One Book One Town selection committee meetings are always interesting: We look at dozens of titles annually, each of which have their champions. Over the course of weeks and months a consensus begins to form around two or three titles and from there a decision is made. Most of us approach the idea of what makes a good ‘OBOT’ book differently – we each have our own preferred genres, our own diverse sensibilities about what makes for good reading, our own opinions on what would inspire conversation and our own ideas on which conversations we think our community should engage in and would benefit most from.
Once in a while, though, a book will emerge as a clear favorite right in the beginning. This was such a year. However, like every title that is eventually selected, there were some members of the committee who felt that the book just didn’t speak to them. Their initial indifference was invaluable to those of us who couldn’t put this book down. The doubts expressed are the same as some of those we’ve heard from a few people as we unveiled our choice two weeks ago:
“I don’t use Twitter.”
“I’m not really an Internet person.”
“That’s not my world…”
“That’s what happens when you go online…”
For those of us who have been, to put it mildly, obsessed with this book since those early meetings in June, these comments from our colleagues brought a necessary perspective to our decision process, and helped us clarify our thinking about the value of this story: To us, it’s not about technology. It’s about people. It’s about the way we behave when we think we are part of a crowd. It’s about the things we feel emboldened to say when we assume we are part of a majority, or that everyone around us shares our opinions, our way of thinking, and sometimes, our prejudices.
It’s about how quick we are to judge each other, how easily we indulge in outrage and how quickly we become offended, no matter how near or distant our actual proximity to the offensive person or thing.
Whether it occurs face to face over coffee, gossiping about rumors on the phone, chatting with neighbors at a school meeting, sharing opinions on Facebook or via the seeming anonymity of the comments section on a news site, the instincts remain the same, as do the potential pitfalls. The things we say can sometimes spiral out of our control. This is not something new, born of our increasingly digital culture, although it is certainly magnified by the speed and amplification of social networks. No: This is as old as communication itself.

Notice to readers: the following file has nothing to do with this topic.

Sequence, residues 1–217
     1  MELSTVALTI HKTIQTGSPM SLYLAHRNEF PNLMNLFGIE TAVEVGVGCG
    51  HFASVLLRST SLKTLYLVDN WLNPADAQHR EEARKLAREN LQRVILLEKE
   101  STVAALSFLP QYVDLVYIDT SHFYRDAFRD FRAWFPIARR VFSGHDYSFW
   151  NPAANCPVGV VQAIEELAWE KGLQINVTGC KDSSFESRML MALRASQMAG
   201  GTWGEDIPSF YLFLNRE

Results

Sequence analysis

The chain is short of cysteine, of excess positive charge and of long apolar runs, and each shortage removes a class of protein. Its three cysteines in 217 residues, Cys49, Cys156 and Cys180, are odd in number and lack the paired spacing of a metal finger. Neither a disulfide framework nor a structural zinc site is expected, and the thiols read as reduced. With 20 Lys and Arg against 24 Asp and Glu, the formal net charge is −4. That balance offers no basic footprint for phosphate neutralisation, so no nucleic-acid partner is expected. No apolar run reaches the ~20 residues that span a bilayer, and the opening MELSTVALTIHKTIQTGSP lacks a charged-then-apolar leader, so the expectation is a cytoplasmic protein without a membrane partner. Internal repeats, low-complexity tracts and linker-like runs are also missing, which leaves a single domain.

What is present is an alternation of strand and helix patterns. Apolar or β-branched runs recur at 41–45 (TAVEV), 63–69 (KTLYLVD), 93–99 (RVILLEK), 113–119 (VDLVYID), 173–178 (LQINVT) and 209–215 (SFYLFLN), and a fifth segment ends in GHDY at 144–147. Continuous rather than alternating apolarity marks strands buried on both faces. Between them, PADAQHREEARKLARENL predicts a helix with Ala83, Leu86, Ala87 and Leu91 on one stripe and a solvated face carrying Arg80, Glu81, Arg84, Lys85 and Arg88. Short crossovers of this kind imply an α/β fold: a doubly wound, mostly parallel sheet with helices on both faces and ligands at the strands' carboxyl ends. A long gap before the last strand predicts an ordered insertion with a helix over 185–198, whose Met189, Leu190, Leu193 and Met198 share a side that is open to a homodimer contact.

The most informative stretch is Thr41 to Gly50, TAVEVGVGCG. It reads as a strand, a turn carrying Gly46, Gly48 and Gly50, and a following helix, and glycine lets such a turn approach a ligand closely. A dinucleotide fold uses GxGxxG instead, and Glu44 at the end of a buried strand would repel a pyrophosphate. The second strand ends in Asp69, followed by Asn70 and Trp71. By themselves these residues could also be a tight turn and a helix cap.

When I first read this book, I was reminded of a brief scene in a movie based on a play from a few years ago, set in the 1950s, long before the Internet became a daily presence in our lives:
It’s not perfectly analogous, as shaming and gossip aren’t necessarily the same thing. But they are certainly connected, related in a way that should make us a bit uncomfortable.
Even if you think that this book has no bearing on your life, we encourage you to give it a try: we think it will surprise you. Of course, in the end it might not be ‘for you.’ Despite the ambitious name of this reading adventure, there really is no such thing as ‘One Book’ that literally everybody in this ‘One Town’ will love to read. We take our selection efforts very seriously and remain conscientious when choosing titles from season to season that we are building a roster of books that, taken together, we hope will be useful and inspiring for years to come. Nothing brightens our day more than hearing people talk about our past selections and the impact the act of reading them together has made, and will continue to make, on our community.
-Nicole, Teen Librarian & One Book One Town co-chair